The Tompkins Giant sculpture would overlook the Inlet.

The Tompkins Giant sculpture would overlook the Inlet.

 

Soon the City of Ithaca could have two more sculptures in its city parks, if all goes according to plan of two designers who have submitted proposals to the city and now must wait for potential approval.

Currently the sculptures are under consideration by the Community Life Commission and the commission is accepting written feedback on the two proposals until 3 p.m. on Oct. 17. Public comment is also welcome at the commission’s meeting on Monday, Oct. 21 at 6 p.m. at City Hall.

The two sculptures, titled Anthropocene and Gromely, would be built in Baker Park and Cass Park, respectively. Monica Franciscus, the artists behind Anthropocene, wrote in her proposal that she would like it to be viewed as an educational tool, portraying the current and future state of our world environmentally. It would be made up of “industrial relics, reused car parts, crushed, smoothed and welded to an interior frame.”

“The colors of the parts illustrate climate temperature zones,” she wrote. “Solar-powered lights are affixed within the crushed parts, illuminating down upon the structure at night, mimicking earth’s solar halo on its dark side, and symbolizing sustainability.”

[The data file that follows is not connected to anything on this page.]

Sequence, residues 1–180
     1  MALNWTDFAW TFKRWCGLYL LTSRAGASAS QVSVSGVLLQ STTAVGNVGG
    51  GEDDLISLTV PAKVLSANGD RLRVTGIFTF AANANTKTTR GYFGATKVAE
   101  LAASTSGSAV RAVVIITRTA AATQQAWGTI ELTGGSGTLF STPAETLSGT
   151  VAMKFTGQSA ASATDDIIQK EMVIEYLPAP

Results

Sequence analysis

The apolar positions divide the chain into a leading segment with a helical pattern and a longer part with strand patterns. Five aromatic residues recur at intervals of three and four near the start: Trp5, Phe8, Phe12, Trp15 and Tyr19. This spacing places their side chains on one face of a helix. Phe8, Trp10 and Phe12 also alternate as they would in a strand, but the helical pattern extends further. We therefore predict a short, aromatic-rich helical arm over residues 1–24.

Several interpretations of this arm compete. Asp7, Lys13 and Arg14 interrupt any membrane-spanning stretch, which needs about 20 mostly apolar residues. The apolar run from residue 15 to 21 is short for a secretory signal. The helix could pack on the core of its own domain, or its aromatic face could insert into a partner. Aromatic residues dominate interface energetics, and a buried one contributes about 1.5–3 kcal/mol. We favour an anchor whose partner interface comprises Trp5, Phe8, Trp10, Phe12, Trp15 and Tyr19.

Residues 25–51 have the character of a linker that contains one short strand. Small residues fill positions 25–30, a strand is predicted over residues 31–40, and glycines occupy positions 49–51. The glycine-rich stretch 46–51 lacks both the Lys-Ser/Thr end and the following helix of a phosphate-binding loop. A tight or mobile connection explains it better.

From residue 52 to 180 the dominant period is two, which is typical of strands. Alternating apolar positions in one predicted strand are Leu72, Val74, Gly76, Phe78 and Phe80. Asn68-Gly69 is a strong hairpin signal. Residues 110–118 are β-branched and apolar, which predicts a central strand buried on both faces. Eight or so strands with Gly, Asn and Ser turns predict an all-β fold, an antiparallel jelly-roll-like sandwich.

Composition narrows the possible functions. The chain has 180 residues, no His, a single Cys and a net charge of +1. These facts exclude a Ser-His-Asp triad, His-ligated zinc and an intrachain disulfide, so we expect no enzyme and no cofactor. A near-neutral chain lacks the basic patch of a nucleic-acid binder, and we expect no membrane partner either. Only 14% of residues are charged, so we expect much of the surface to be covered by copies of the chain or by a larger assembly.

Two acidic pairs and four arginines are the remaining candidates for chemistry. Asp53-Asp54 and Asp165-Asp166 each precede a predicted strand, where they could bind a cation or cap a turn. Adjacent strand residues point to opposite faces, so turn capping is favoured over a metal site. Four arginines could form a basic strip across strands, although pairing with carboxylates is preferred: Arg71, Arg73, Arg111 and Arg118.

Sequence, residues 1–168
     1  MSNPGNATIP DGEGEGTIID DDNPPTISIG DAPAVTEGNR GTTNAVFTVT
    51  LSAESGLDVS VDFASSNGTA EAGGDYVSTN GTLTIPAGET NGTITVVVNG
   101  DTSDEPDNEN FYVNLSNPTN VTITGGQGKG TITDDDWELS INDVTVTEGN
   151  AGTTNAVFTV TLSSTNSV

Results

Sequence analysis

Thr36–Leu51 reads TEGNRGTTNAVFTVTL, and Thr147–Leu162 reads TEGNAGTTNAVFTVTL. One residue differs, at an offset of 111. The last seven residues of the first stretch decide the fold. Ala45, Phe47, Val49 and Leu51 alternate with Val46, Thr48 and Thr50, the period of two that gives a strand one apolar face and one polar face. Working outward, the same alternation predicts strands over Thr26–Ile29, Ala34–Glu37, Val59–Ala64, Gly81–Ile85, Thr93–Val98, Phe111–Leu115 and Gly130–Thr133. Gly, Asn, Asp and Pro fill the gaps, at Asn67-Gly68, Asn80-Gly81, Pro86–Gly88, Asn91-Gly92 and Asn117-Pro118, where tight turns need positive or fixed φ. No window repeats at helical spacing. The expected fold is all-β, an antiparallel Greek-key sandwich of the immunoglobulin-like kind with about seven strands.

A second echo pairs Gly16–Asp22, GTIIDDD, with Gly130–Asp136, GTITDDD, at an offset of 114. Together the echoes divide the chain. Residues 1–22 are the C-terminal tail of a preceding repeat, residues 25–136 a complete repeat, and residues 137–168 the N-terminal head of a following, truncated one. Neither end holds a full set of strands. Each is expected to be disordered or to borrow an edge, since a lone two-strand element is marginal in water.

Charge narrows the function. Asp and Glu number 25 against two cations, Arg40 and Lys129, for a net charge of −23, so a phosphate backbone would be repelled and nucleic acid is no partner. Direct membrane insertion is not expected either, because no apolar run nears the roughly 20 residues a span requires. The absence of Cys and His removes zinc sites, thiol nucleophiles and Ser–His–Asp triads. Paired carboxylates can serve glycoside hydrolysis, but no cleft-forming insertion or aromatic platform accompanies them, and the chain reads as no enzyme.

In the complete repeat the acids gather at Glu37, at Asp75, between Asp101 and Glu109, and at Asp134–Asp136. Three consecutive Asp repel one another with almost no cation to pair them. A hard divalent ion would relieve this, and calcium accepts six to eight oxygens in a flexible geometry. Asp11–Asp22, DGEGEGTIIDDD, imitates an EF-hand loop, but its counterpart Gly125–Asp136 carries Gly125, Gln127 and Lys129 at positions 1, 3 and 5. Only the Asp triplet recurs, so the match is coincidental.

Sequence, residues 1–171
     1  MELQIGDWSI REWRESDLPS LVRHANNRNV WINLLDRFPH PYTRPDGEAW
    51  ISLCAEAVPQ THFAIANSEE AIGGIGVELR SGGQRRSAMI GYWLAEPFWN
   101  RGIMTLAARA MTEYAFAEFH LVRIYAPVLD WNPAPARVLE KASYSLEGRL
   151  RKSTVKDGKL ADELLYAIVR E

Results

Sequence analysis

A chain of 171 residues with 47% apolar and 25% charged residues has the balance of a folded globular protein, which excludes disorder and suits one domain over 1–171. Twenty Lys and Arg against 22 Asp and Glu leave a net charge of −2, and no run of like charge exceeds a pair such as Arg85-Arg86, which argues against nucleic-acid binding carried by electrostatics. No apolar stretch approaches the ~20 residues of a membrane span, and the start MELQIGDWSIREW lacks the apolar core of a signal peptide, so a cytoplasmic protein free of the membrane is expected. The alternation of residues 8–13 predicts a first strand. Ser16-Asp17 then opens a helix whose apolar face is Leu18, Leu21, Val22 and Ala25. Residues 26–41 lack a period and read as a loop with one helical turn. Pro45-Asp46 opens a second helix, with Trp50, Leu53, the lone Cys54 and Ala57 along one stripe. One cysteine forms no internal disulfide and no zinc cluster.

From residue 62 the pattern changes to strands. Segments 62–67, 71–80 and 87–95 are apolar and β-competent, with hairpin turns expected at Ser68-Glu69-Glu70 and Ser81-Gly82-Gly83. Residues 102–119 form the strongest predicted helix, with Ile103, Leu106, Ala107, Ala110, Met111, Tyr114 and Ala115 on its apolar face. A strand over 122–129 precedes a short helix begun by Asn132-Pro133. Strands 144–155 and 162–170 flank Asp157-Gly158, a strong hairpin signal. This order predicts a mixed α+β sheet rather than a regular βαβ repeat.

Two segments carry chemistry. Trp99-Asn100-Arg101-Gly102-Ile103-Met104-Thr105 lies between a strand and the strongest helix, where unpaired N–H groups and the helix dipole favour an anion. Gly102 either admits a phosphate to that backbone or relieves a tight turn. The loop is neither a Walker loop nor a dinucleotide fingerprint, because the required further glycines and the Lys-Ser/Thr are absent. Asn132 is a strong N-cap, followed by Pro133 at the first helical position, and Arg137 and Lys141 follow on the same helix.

Franciscus’ design calls for a 12 foot structure. Taitem Engineering contributed to the design’s submitted drawings.

In Charzewski’s proposal, he says the Tompkins Giant sculpture would harken back to the legendary Taughannock Giant story, with an eye to the future as well.

“The Tompkins Giant Project has inspired me to create something grand in scale and visually fantastic,” Charzewski wrote in his proposal. “Something that will be a landmark for the town of Ithaca NY that will inspire its residents as well as its visitors for years to come. Gromely is the name of the figure I have designed. It encapsulates aspects of the original story of the Tompkins Giant as well it fosters a sense of fantasy and wonder.”

The sculpture would be assembled in Charzewski’s personal studio at the College of Charleston and would use recycled steel tubing, which would be bolted together on site. It would overlook the Inlet from its perch next to a trail in Cass Park. In total, Charzewski estimates that the project would cost $18,000.

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